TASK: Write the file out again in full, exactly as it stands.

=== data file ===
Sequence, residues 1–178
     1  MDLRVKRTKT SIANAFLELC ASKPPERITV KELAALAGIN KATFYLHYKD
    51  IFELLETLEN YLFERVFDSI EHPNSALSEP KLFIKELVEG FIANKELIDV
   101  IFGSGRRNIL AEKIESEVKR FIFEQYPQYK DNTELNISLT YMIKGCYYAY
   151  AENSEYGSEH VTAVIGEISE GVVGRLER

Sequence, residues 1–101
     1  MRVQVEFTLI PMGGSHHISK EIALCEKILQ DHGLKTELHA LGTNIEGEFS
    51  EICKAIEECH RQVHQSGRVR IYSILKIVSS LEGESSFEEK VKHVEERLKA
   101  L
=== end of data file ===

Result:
Sequence, residues 1–178
     1  MDLRVKRTKT SIANAFLELC ASKPPERITV KELAALAGIN KATFYLHYKD
    51  IFELLETLEN YLFERVFDSI EHPNSALSEP KLFIKELVEG FIANKELIDV
   101  IFGSGRRNIL AEKIESEVKR FIFEQYPQYK DNTELNISLT YMIKGCYYAY
   151  AENSEYGSEH VTAVIGEISE GVVGRLER

Sequence, residues 1–101
     1  MRVQVEFTLI PMGGSHHISK EIALCEKILQ DHGLKTELHA LGTNIEGEFS
    51  EICKAIEECH RQVHQSGRVR IYSILKIVSS LEGESSFEEK VKHVEERLKA
   101  L